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Semiconductor industry stuck in tech limbo, says Arm fellow

Arm fellow speaks about the limits the semiconductor industry is facing

Santa Clara, Cali. – Advances in silicon processing technologies has brought the semiconductor industry into a transitional, intermediate state of limbo. That is at least the view of Arm Fellow Greg Yeric who gave a keynote presentation at this year’s Arm TechCon highlighting some of the developments and future ideas for silicon manufacturing that is moving the industry forward.

One aspect of technology limbo Yeric said he thought we would see more of is a need to comprehend and adapt architecture to take advantage of a high-density interconnect. “This is kind of an example of this theme of limbo where a lot of cool technologies are coming along. They don’t look like mosfets; they don’t look like von neumann. And we have to do a lot of work to really vet them and understand what is going to give us the best advantage.”

Yeric also noted that advanced memory is an area where the industry seems to be a hitting a brick wall. “So the industry is really hungry for some kind of high-density fast memory that can continue our path on this memory intensive world we are finding ourselves,” he said. Yeric added that this could be seen with foundries agreeing to dump half of the periodic table on their wavers with a certain degree of precision. “Those numbers and those layers are the thicknesses of nanometers. That’s the challenge of memory and that’s why you see it’s not come along as fast as may be a lot of people would like,” he said.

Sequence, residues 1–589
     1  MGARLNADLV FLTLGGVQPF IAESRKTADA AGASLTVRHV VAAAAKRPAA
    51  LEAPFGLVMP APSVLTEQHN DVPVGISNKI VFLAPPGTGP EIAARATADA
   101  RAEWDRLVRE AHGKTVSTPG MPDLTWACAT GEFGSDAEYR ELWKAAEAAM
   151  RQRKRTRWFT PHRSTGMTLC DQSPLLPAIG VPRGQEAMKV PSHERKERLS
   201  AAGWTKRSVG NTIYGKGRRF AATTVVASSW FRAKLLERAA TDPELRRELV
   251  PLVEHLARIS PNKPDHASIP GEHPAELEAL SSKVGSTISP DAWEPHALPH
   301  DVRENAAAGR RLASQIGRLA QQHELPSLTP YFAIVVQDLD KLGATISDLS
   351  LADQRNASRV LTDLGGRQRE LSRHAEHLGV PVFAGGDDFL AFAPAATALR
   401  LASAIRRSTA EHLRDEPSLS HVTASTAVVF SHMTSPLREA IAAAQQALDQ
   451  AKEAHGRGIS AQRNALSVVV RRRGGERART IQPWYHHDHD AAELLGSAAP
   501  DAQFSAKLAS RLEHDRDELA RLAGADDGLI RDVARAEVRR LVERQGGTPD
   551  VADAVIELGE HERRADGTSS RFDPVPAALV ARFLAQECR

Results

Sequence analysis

In addition, Yeric noted that given the power scaling story that is expected, technology will need more power than the planet can provide. Consequently, the only way to get off this road is to look to new materials that are more energy efficient.

One way to manage energy better is with two-dimensional semiconductors. “The two-dimensional materials can have really interesting optical properties. They can be magnetic. And in specific cases when they are magnetic, we can use them to control the electron spin as our information source and may be go a lot lower power than using the electron transport. That’s spintronics. Now what’s interesting is there is actually another value of electrons, called the valley, and two-dimensional semiconductors allow us to access the valley property of electrons potentially and use that for an even lower power way for managing information.”

These two-dimensional materials could pave way new scientific fields within the realms of physics, chemistry and biology, according to Yeric. And it is within these fields that progress within the semiconductor industry can be made.

ABOUT AUTHOR

Nathan Cranford
Nathan Cranford
Nathan Cranford joined RCR Wireless News as a Technology Writer in 2017. Prior to his current position, he served as a content producer for GateHouse Media, and as a freelance science and tech reporter. His work has been published by a myriad of news outlets, including COEUS Magazine, dailyRx News, The Oklahoma Daily, Texas Writers Journal and VETTA Magazine. Nathan earned a bachelor’s from the University of Oklahoma in 2013. He lives in Austin, Texas.

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